An Illinois congressman is urging the FDA to “temporarily” ban vaping products, supposedly to protect users from the added dangers vaping poses to COVID-19 victims. Democratic House Rep. Raja Krishnamoorthi sent a letter to FDA Commissioner Stephen Hahn on April 1, asking him to use the agency’s enforcement discretion to “clear the market” of all vaping products.
On Monday, the FDA requested a federal judge allow the agency to delay the May 12 deadline for vaping manufacturers to submit Premarket Tobacco Applications (PMTAs). Krishnamoorthi wants the FDA to use its regulatory authority to prohibit sales of vapes during the four-month postponement (which hasn’t been granted yet). He is not asking for restrictions on just the flavored vaping products he has previously advocated banning, but on all products.
“The Subcommittee is not necessarily opposing FDA’s request for a delay or suggesting that FDA divert staff away from responding to the coronavirus crisis,” Krishnamoorthi wrote. “Instead, the Subcommittee is requesting that FDA clear the market of e-cigarettes during this delay. Allowing e-cigarettes to remain on the market during this period would harm children and adults throughout the country and exacerbate the coronavirus crisis in critical ways, as described in detail below.”
“Reducing the number of smokers and vapers that fall ill with coronavirus will not only help them, but the entire health system,” the letter says. But Krishnamoorthi has not carefully considered the consequences that could result from a vaping ban. Eliminating all vaping products would not reduce the number of smokers who get sick. Rather, an e-cigarette ban would force millions of vapers who have avoided smoking cigarettes—some for many years—to choose between returning to deadly cigarettes and trying to find black market vaping products. Since there is no established e-liquid black market (yet), many would return to the most easily available nicotine product: cigarettes.
The congressman is not asking the FDA to pull cigarettes off the market, just vapes, which are generally understood to be far less dangerous. Krishnamoorthi’s only supporting evidence to justify removing vaping products is a single study of “vaping mice” infected with the flu virus, and unrelated research showing that smoking may be a risk factor for more serious outcomes from COVID-19, the respiratory disease caused by the coronavirus SARS-CoV-2. (Even the smoking-coronavirus connection is uncertain at this point.)
Unfortunately, Rep. Krishnamoorthi isn’t alone. A variety of political and news media figures, as well as some public health officials, have recently made unsupported claims about vaping and its supposed effects on COVID-19 patients. The evidence is non-existent, rooted entirely in studies of various effects of vaping constituents on mice and disembodied cells.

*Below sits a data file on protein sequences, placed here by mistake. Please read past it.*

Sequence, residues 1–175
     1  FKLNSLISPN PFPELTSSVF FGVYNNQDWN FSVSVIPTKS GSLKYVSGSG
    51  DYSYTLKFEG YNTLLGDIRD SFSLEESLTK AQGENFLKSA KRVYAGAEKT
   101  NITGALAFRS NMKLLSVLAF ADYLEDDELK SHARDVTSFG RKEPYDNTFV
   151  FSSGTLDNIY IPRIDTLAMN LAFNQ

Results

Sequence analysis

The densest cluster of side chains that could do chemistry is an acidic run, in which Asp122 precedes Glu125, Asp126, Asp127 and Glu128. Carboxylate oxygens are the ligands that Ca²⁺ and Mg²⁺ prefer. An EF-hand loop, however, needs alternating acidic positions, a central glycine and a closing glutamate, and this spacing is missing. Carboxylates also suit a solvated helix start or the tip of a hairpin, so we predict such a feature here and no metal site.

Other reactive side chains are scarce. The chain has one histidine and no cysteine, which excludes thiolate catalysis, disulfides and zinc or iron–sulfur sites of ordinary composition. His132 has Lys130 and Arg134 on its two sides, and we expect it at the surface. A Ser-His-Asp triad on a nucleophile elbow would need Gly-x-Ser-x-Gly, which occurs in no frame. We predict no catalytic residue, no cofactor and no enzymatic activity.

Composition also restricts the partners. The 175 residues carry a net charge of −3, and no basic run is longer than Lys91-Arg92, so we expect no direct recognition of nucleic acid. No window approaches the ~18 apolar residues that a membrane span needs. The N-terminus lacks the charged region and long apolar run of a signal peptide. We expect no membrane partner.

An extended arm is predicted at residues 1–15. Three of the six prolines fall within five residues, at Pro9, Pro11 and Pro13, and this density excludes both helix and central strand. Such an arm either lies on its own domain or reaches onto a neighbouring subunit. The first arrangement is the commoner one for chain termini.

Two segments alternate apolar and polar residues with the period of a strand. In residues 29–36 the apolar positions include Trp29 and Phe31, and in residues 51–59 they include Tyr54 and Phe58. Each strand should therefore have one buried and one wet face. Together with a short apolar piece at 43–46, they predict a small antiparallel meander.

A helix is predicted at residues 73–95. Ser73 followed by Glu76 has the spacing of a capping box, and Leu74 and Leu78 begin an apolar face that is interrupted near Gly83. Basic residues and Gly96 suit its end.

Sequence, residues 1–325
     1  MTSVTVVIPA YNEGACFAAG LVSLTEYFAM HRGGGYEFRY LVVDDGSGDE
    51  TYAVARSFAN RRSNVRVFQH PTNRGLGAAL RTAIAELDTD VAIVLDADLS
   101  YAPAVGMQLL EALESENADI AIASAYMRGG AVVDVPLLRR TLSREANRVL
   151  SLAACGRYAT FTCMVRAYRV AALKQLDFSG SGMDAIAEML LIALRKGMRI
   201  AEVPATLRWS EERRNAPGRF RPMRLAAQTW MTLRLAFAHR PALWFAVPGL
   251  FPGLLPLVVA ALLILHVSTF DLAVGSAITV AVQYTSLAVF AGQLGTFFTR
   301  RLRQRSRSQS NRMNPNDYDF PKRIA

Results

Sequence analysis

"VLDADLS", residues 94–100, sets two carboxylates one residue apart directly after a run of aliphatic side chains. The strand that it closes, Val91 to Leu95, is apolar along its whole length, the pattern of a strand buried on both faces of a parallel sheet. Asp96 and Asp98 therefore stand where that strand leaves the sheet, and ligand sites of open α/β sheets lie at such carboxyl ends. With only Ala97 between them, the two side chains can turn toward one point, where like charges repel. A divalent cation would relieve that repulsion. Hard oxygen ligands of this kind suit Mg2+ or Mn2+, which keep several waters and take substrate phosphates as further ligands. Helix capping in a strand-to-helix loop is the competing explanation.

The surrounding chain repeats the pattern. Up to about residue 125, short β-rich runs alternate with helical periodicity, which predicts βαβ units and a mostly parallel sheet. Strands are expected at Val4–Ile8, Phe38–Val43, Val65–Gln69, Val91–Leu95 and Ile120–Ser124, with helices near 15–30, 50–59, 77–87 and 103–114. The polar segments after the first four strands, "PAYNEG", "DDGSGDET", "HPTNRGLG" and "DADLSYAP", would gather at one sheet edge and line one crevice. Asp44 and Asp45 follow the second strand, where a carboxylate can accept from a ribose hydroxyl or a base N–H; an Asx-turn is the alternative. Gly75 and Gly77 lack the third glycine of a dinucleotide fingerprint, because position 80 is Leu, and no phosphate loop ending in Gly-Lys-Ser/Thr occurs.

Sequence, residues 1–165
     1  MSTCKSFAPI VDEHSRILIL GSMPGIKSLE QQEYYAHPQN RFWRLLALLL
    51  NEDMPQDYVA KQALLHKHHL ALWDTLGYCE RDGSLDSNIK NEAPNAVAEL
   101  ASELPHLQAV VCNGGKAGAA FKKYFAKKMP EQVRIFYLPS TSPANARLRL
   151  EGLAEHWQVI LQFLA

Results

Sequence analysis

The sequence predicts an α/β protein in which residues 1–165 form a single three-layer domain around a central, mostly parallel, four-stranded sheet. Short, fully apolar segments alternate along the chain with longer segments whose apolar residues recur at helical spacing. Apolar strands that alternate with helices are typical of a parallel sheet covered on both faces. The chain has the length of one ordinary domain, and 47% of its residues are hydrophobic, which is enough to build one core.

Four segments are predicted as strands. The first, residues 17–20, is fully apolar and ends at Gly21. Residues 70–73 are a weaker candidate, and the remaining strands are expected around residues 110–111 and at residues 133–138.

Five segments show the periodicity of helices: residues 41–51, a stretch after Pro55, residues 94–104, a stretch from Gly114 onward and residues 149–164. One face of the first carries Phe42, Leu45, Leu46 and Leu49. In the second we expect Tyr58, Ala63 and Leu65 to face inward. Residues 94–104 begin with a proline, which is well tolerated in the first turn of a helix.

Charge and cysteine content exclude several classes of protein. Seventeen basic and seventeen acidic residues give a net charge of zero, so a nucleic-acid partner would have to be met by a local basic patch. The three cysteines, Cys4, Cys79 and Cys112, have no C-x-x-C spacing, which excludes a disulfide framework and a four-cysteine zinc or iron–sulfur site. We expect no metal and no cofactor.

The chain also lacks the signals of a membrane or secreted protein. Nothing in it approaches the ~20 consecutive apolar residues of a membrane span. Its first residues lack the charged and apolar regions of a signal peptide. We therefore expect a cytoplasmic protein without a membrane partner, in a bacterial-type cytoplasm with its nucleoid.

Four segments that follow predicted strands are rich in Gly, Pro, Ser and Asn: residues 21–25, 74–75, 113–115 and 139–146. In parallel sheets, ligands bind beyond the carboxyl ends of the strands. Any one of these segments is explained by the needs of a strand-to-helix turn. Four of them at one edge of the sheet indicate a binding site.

An email sent last week from an FDA Center for Tobacco Products media spokesperson to a reporter claimed that “E-cigarettes can damage lung cells.” That prompted a letter of protest to CTP director Mitch Zeller from Iowa Attorney General Tom Miller and a group of well-known scientists, public health experts, and harm reduction advocates, including veteran tobacco control leaders Kenneth Warner and David Abrams, and Drug Policy Alliance founder Ethan Nadelmann.
“If the FDA is able to provide candid and clear advice that puts the health of millions of Americans first,” wrote Miller, “and this is based on sound behavioral and biomedical insights, then it should do so, and we would welcome the agency’s contribution. If, however, its communications are arbitrary and ill-conceived, spreading fear and confusion with little scientific basis and with unpredictable consequences, then it would be better if FDA and its media spokespeople did not comment further at this time.”
Rep. Krishnamoorthi is a notorious opponent of vaping. As chairman of the House Subcommittee on Economic and Consumer Policy, he held a hearing last July examining the practices of JUUL Labs. Intended to mirror the confrontational Congressional tobacco industry hearings of the 1990s, the event saw Krishnamoorthi and the other subcommittee Democrats adopting an almost comically antagonistic stance toward the bewildered JUUL executives. Anti-vaping activists from Parents Against Vaping and the Campaign for Tobacco-Free Kids were given free reign to lambast the company, and vaping in general.
In September the subcommittee looked at the outbreak of vaping-related lung injuries the CDC called “EVALI.” However, rather than investigating the diluents in black market THC products widely understood to be the source of the hospitalizations and deaths, Krishnamoorthi focused on JUUL and flavored nicotine vaping products, even though they have never proven to be connected to the lung injuries.
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